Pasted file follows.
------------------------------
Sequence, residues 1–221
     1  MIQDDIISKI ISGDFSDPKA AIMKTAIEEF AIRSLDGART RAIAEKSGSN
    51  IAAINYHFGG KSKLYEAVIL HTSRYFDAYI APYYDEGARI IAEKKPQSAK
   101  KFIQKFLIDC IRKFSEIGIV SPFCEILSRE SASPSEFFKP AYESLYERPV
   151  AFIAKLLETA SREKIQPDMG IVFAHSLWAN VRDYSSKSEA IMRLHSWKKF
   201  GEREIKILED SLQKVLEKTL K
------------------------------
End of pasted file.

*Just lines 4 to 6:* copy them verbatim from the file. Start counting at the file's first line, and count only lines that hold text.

   101  KFIQKFLIDC IRKFSEIGIV SPFCEILSRE SASPSEFFKP AYESLYERPV
   151  AFIAKLLETA SREKIQPDMG IVFAHSLWAN VRDYSSKSEA IMRLHSWKKF
   201  GEREIKILED SLQKVLEKTL K